Two other objectives of the DAV which relate to the VA compensation program would benefit veterans who were captured in combat and held as prisoners of war.

The first would provide a minimum service-connected disability rating of 50 percent for any veteran who was a POW for six months or more. The second would liberalize and extend the presumptive period for service-connection of chronic diseases for this same category of veterans.

It is a well documented fact that lengthy detention by the enemy in all military conflicts since World War I has caused American servicemen to suffer extreme mental and physical privation. It is also true that medical evidence required by law to substantiate a claim for disabilities incurred while a prisoner of war is difficult, if not impossible, to obtain. We, therefore, urge your sympathetic consideration of liberalizing these benefits for this worthy group of combat veterans.

Mr. Chairman, I would now like to discuss the VA program of hospital and medical care—the continuation of which is of paramount concern to the DAV and, I know, to this committee.

In fulfilling its important mission, the VA has over the years developed a nationwide network of health care facilities that defies parison. Beyond doubt, our VA medical system is a national resource of which we can be proud; a resource which stands ready to serve the needs of America's 29 million living veterans and their families.

Recognizing this, we are truly grateful that this committee has placed itself in the vanguard of those who maintain that the VA medical care system must never be merged with or become subservient to any other Federal agency or program.

The VA medical program is a fundamental component of our Federal benefits system. Impair its integrity and you will see the beginnings of an erosion process that could eventually include all veterans programs.

Therefore, in the area of veterans medical care, Mr. Chairman, my first and foremost request of this committee is that you continue to do all that you can to keep America's VA hospitals for America's serviceconnected disabled veterans.

In addition to this primary concern, our Florida convention approved a number of resolutions calling for improvement in veterans health care services. Several of these are, I feel, paramount in nature and I am happy to note that some have been incorporated in legislation presently pending in the Congress.

In an effort to provide adequate salaries for VA medical personnel, the DAV strongly supported the Physicians and Dentists Pay Comparability Act of 1975. The special and incentive pay authorized by this legislation has been an invaluable aid to the VA in the recruitment and retention of highly qualified physicians and dentists.

However, the authority of the Vå to offer these monetary incentives will expire on September 30, 1976. We, therefore, urge that the time limitations of Public Law 94-123 be extended until such time as the crucial problems can be resolved.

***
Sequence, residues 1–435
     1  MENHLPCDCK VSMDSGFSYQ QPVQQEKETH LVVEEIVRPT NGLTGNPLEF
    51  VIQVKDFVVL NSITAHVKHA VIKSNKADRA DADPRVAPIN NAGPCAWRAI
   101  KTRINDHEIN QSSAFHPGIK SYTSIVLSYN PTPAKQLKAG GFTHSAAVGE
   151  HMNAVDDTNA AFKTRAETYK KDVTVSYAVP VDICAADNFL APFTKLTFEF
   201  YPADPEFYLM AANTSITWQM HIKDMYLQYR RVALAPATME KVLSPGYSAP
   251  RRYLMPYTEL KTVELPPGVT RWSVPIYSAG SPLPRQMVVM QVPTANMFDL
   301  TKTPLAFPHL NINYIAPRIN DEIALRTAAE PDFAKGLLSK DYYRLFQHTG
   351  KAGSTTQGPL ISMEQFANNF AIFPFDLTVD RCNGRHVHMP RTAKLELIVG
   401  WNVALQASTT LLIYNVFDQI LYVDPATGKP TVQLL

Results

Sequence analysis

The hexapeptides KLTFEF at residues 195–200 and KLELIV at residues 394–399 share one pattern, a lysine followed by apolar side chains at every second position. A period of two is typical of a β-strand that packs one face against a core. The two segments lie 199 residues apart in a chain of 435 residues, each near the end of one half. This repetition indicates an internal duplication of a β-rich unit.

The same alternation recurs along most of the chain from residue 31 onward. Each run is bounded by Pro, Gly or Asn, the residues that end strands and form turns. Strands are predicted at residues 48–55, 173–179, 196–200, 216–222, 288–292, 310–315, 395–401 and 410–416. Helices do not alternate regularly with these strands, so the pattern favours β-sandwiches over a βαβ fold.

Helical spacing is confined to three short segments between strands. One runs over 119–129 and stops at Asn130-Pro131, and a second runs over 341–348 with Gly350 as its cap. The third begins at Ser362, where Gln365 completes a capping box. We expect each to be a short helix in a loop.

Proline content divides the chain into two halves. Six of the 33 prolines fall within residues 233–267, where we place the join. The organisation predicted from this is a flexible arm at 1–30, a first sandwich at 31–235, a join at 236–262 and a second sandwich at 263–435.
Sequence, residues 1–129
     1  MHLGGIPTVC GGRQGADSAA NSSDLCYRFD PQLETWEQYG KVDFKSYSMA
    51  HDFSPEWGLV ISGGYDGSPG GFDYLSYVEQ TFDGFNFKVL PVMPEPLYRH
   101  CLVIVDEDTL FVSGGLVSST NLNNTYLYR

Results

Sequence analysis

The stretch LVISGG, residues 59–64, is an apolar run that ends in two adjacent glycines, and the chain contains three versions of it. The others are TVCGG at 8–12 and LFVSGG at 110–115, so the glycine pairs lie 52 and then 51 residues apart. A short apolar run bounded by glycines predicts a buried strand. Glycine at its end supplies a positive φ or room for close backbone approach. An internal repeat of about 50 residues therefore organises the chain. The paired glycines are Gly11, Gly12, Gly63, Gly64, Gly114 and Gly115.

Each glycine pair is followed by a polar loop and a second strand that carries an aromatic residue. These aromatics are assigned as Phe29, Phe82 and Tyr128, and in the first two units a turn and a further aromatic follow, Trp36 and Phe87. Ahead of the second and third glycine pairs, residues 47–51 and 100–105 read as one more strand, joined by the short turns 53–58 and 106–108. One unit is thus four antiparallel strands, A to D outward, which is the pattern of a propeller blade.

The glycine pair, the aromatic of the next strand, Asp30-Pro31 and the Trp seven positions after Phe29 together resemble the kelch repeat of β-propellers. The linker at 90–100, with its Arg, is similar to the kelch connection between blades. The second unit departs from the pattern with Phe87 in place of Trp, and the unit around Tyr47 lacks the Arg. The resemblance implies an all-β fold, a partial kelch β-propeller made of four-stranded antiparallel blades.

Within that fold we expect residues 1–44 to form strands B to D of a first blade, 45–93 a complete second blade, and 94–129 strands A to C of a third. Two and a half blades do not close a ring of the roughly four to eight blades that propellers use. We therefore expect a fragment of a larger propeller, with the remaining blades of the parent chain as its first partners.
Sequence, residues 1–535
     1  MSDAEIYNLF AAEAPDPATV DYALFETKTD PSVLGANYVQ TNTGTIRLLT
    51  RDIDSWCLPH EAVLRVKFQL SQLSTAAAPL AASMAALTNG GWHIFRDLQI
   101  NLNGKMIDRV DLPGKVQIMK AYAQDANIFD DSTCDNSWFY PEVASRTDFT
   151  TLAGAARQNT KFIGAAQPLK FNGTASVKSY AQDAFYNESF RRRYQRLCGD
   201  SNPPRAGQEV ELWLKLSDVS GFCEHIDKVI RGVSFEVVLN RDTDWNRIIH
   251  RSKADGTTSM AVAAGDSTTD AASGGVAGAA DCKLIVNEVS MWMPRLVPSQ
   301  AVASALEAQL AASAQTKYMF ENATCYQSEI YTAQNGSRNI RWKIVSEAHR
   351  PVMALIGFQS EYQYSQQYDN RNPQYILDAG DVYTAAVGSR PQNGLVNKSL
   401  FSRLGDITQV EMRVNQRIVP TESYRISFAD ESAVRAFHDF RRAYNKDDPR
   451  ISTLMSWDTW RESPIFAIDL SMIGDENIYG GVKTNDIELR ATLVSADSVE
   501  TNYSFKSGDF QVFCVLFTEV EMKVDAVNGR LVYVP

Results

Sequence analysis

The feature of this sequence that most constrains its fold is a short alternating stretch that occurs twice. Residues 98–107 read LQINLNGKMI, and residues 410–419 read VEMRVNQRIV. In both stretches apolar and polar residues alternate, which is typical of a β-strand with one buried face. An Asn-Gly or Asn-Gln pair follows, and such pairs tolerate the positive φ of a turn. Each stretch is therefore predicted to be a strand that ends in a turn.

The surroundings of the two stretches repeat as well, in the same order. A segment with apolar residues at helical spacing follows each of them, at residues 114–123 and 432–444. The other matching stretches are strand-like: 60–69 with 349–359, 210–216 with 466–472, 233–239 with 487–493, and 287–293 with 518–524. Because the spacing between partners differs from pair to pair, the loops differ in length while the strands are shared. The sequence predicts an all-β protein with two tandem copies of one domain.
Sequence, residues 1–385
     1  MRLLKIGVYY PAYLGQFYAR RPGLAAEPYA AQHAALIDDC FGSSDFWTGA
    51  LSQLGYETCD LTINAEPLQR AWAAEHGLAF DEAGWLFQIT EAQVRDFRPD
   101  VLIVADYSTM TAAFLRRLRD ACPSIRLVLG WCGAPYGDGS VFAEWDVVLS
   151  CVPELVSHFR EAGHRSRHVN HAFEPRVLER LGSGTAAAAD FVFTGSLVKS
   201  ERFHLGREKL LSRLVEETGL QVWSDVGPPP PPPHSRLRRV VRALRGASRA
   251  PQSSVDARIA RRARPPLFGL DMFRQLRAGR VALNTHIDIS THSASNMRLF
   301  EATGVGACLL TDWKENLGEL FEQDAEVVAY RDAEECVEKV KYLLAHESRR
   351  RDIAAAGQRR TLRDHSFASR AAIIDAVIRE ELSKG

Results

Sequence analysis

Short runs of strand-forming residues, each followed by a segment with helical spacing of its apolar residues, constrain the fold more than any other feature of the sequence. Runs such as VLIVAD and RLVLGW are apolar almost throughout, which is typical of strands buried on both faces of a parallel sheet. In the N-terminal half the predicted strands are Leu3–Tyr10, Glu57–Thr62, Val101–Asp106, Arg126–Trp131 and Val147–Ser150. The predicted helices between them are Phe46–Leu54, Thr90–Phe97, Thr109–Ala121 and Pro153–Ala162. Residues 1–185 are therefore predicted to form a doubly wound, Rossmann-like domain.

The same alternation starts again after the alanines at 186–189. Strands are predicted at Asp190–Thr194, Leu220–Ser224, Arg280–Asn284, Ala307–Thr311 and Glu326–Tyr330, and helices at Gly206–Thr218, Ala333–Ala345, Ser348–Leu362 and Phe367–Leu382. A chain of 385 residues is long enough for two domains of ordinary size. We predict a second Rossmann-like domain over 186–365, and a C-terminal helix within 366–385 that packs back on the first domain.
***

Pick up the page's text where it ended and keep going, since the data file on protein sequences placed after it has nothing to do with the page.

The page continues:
Another major legislative objective of the DAV is to achieve a priority in outpatient treatment for service-connected disabled veterans in our VA hospitals.

Quite frankly, we find that priority treatment for these veteransthe original beneficiaries for whom the system was created—is not uniformly applied in all VA hospitals. We, therefore, urge your positive action on legislation that would require the Administrator of Veterans' Affairs to prescribe regulations to ensure that the highest priority for outpatient treatment shall be accorded to veterans with service-connected disabilities.

In keeping with our desire to see the VA hospital system direct its attention and resource to the service-connected veteran, we also request the enactment of legislation that would provide complete medical services for any veteran with a service-connected disability of 50 percent

Finally, Mr. Chairman, we propose an increase in VA allowances paid to veterans as reimbursement for authorized travel expenses and to private and State nursing homes for veterans care.

In the case of travel allowances to and from VA facilities, the current stipend of 8 cents per mile is totally unrealistic and inadequate. We support a figure of 15 cents per mile which is equal to that now paid Government employees traveling on official business.

Similarly, the present VA payments for nursing home care are so low

they discourage the acceptance of severely incapacitated veteran patients by these facilities. If the nursing care program is to fulfill its mission, these VA payments must become competitive and are therefore in need of an upward adjustment.

We have two national convention mandates calling for improvement in VA educational benefits.

The first concerns vocational rehabilitation benefits for veterans in need of training due to a service incurred disability.

On June 30, 1975, these benefits terminated for all disabled veterans of World War II and the Korean conflict-many of whom were in training at the time. In our opinion, termination of this training for seriously disabled veterans is counterproductive to the basic philosophy of the program. We therefore urge enactment of legislation which would repeal the June 30, 1975 termination date and give the VA Administrator discretionary authority to extend entitlement for such periods as he deems appropriate.

or more.